The Las Vegas Raiders were one of the biggest disappointments of the 2020 season. The team had playoff expectations as they entered year three of the Jon Gruden era. With players such as quarterback Derek Carr, running back Josh Jacobs, and tight end Darren Waller, a strong offensive line, and some key free agent additions on defense, this was supposed to be the year the team makes the postseason.
Well, things didn’t go according to plan. The Raiders started the season strong and at one point were 6-3, which included an impressive road win against the defending Super Bowl Champions, the Kansas City Chiefs. It was almost a foregone conclusion that the 6-3 Raiders would wind up making the playoffs—especially in the first year that the league expanded the playoff field from six to seven teams. The Raiders went on to lose five of their last seven games, finishing 8-8 and missing the playoffs for the third straight season under Gruden’s watch.
The Raiders will now enter an offseason where they have to figure out a way to get over the hump. After finishing 4-12, 7-9, and now 8-8, the team has seen upward progression but must take that next step to officially make Gruden’s 10-year, $100 million contract worth it.
Offensively, this team is in good shape. They have a lot of talent at their disposal with their group of skill guys, and while the offensive line is aging, they still performed at a high level in 2020. Defensively, on the other hand, there is plenty of work to be done. The team lacks any real pass rush threat, and their linebacking corps, which added free agents Nick Kwiatkoski and Cory Littleton, could still be improved. The secondary has some youthful talent, specifically at corner, but the team could use a playmaker in the backend.
Las Vegas will have their hands full in adding talent to this team, and I believe they’ll have a big opportunity to do so in this upcoming draft. Let’s take a look at what a seven-round draft could look like for the Raiders.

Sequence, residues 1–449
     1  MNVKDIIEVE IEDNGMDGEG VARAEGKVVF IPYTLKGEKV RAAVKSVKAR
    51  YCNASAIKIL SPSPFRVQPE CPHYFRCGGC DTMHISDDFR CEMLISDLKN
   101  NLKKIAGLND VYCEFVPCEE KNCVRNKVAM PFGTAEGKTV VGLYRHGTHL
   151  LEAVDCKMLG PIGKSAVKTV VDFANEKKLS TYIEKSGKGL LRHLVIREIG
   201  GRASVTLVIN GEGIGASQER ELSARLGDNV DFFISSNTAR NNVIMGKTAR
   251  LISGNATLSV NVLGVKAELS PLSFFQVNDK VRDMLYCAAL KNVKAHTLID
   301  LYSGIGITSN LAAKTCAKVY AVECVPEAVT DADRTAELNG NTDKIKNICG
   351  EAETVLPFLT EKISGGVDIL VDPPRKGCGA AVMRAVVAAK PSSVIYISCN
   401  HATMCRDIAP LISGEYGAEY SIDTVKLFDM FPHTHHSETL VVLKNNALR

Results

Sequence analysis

ROUND 1 (NO. 17 OVERALL): GREGORY ROUSSEAU, EDGE, MIAMI
This would be an outstanding selection by the Raiders. Rousseau is my No. 1 edge rusher in this class and fills a huge position of need for the Raiders. Outside of Maxx Crosby, the Raiders don’t really have any sack artists on this roster, and Crosby is more solid than spectacular. Rousseau has the upside and potential to be a perennial Pro Bowler. He has rare length and athleticism for the position and has bend and flexibility that is unique for guys his size. He may only have one year of production after sitting out the 2020 season, but his tape in 2019 was off the charts. Rousseau would give the Raiders some much-needed juice off the edge.
ROUND 2 (NO. 49 OVERALL): JEVON HOLLAND, S, OREGON
Another 2020 opt out here for the Raiders, but again they are getting outstanding value. I’m very high on Holland as I believe his instincts, natural ball skills, and versatility more than make up for the questions about his top speed. Holland can step in and be that rangy deep third safety that’s needed in Gus Bradley’s Cover 3 scheme. He also provides versatility in that he can hold his own at nickel and would be a dynamic return specialist.
ROUND 3 (NO. 80 OVERALL): TYLER SHELVIN, NT, LSU
Three picks, three defensive players. That’s the type of urgency and investment general manager Mike Mayock and Gruden need to have when addressing this defense this offseason. Shelvin is a load in the middle playing 0-tech. He has the power to take on doubles and hold the point of attack and is explosive enough to split the double team to make plays in the backfield. He would be an excellent player to replace Johnathan Hankins if the team lets him walk in free agency.
ROUND 4 (NO. 121 OVERALL): BEN CLEVELAND, G, GEORGIA
The Raiders could use some more depth along the interior of their offensive line. Richie Incognito is 38 years old, and Gabe Jackson has often been at the center of trade rumors. Cleveland may not be a great athlete, but he excels in the running game with power to generate movement at the point of attack. He would be a great fit in Gruden’s running attack clearing the way for Jacobs.
ROUND 5 (NO. 161 OVERALL): SHAKA TONEY, EDGE, PENN STATE
Las Vegas double dips here at the edge position because that’s how dire they need pass rush help. In Bradley’s scheme, the team doesn’t blitz a lot. The defense is predicated on the front four generating pressure so they can drop more into coverage. Having the guys up front who can win on passing downs is vital. Toney has the perfect skill set to be a situational pass rusher early in his career who can develop into a starting weakside edge rusher for this defense.
ROUND 7 (NO. 244 OVERALL): ROBERT ROCHELL, CB, CENTRAL ARKANSAS
Long press corners are hard to find, and with the Raiders' last pick in the draft, they find one. Rochell has the length, movement skills, and ball production to warrant a late-round pick. He would fit in nicely behind corners Trayvon Mullen and Damon Arnette. This would be a steal this late in the draft.